Gilmore contested, however, that Michel could claim the status of a federal employee in his dealings with her employment and sought remand to state court. The State Appellees filed motions to dismiss based, inter alia, on state sovereign immunity.[1] The federal government also moved to dismiss for lack of subject matter jurisdiction arising from Gilmore's failure to comply with the pre-suit requirements of the Federal Tort Claims Act ("FTCA"). See 28 U.S.C. § 2671, et seq.

         The district court initially denied the United States' motion to substitute and granted Gilmore's motion to remand, but upon reconsideration, it reversed course. The district court explained that its previous order relied upon the government's "bare statement" in its original memorandum that Michel was a federal employee as defined by 28 U.S.C. § 2671. The government had cured this deficiency by subsequently elaborating that Michel was a federal employee under 32 U.S.C. § 502(f)(1), which states that "a member of the National Guard may . . . be ordered to perform training or other duty in addition to that prescribed under subsection (a)." Colonel Parker's declaration reinforced that Colonel Michel's position as installation commander was assigned to him pursuant to Section 502(f) and included the "obligation to oversee non-appropriated fund instrumentalities" such as the All Ranks Club. Therefore, the court concluded that Michel was a federal employee acting within the scope of his employment, and under 28 U.S.C. § 2679(b)(1), Gilmore's only remedy is a suit against the United States. The district court then granted the government's motion to dismiss Gilmore's suit for lack of subject matter jurisdiction because she had not filed an administrative claim as required by the FTCA.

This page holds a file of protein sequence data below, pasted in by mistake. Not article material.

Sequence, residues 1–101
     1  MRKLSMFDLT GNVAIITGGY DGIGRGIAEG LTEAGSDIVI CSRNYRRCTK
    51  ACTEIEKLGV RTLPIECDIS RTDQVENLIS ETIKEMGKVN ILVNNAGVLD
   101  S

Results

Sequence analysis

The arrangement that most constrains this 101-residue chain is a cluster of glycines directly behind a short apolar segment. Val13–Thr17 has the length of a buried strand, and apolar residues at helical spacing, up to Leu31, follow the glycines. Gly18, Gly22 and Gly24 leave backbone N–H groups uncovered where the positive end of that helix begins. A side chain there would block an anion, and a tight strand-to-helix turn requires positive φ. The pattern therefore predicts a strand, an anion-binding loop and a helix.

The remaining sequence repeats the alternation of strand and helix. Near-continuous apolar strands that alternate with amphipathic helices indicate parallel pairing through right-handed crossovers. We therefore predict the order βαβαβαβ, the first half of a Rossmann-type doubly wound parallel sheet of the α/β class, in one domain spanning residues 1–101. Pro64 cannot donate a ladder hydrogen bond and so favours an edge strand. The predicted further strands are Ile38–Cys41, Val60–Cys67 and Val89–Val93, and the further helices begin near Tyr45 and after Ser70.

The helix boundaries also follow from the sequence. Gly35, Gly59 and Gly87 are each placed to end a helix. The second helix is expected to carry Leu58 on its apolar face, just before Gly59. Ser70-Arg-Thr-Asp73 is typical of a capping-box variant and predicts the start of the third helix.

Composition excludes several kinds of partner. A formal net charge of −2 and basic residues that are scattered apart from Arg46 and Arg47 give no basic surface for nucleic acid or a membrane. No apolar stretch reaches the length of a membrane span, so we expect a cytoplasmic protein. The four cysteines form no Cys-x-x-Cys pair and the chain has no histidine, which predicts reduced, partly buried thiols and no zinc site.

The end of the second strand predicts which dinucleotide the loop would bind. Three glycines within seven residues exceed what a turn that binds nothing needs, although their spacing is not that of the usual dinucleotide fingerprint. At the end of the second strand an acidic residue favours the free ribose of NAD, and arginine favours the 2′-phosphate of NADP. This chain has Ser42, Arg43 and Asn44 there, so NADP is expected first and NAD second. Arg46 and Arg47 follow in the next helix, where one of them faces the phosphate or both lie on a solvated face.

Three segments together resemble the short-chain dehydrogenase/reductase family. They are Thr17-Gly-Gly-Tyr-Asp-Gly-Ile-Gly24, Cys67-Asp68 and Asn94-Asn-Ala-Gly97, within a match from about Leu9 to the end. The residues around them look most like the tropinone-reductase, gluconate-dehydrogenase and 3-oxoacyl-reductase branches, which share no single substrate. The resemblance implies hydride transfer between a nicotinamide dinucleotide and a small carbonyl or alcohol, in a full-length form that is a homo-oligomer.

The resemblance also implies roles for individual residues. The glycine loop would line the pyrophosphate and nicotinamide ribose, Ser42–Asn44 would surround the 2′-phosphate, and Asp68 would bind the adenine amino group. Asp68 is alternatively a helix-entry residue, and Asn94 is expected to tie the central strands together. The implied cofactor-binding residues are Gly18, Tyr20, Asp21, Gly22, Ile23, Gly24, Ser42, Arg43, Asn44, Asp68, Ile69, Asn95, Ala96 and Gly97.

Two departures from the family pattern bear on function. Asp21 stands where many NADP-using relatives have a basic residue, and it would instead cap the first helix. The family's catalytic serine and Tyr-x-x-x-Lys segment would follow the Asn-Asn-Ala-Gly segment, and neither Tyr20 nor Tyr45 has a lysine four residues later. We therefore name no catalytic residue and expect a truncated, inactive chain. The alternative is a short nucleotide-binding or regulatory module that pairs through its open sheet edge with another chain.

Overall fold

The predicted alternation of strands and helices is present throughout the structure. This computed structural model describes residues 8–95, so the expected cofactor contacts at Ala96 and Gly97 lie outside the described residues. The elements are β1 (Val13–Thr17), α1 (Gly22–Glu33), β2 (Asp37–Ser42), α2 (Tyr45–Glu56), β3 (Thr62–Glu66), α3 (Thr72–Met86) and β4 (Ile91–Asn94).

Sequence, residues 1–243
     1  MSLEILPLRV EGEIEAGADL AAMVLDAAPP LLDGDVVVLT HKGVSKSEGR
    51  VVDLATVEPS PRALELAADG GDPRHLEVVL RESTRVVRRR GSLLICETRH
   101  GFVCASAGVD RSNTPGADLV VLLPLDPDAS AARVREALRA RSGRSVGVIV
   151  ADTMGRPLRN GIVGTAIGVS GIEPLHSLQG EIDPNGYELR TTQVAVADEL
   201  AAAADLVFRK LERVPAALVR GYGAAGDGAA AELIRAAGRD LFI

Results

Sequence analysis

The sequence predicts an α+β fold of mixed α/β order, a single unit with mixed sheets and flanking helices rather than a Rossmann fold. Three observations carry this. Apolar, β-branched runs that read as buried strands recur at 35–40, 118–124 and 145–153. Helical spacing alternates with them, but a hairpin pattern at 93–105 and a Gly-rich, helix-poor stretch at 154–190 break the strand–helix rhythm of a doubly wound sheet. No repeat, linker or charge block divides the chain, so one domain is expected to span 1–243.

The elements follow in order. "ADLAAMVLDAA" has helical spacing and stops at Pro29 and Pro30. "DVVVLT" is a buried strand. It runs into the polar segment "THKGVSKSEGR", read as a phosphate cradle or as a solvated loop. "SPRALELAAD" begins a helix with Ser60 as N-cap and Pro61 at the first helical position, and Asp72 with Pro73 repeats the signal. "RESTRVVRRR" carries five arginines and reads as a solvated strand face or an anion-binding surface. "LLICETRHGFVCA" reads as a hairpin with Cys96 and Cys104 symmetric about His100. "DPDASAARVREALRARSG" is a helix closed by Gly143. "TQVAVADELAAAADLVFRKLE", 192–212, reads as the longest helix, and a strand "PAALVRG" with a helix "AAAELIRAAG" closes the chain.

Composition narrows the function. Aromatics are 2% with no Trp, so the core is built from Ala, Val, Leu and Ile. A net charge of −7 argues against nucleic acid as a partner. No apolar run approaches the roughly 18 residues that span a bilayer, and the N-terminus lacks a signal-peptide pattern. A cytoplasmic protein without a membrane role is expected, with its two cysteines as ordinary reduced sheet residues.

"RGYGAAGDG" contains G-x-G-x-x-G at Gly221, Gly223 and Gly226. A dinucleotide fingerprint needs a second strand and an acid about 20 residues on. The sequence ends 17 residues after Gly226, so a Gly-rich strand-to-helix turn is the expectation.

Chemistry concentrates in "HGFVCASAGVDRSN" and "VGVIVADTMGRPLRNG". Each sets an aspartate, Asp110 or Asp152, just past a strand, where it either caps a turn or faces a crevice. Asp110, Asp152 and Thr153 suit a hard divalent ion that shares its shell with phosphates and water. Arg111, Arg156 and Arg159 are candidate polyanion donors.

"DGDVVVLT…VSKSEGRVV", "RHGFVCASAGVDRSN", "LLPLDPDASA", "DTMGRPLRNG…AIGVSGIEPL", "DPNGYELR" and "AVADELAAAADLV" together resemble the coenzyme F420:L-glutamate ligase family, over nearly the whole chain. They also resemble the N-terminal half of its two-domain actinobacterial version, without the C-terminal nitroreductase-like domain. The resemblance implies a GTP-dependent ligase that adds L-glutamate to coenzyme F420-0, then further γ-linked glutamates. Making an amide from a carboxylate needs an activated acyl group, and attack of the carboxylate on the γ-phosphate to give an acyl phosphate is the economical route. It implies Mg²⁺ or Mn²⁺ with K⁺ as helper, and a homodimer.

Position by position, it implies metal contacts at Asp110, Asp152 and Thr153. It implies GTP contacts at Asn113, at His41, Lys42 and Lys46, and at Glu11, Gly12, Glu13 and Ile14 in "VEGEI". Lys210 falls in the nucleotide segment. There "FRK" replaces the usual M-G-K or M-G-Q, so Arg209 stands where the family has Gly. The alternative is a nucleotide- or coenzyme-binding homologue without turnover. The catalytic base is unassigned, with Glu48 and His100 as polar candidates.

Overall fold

The district court entered judgment in favor of all defendants on August 9, 2017. Gilmore timely appealed.

         STANDARD OF REVIEW

         This court reviews de novo issues of subject matter jurisdiction, including a district court's denial of a motion to remand. In re 1994 Exxon Chem. Fire, 558 F.3d 378, 384 (5th Cir. 2009). Similarly, we review de novo whether an individual is an employee of the government as defined by the Federal Tort Claims Act. Peacock v. United States, 597 F.3d 654, 659 (5th Cir. 2010). "We review the district court's legal ...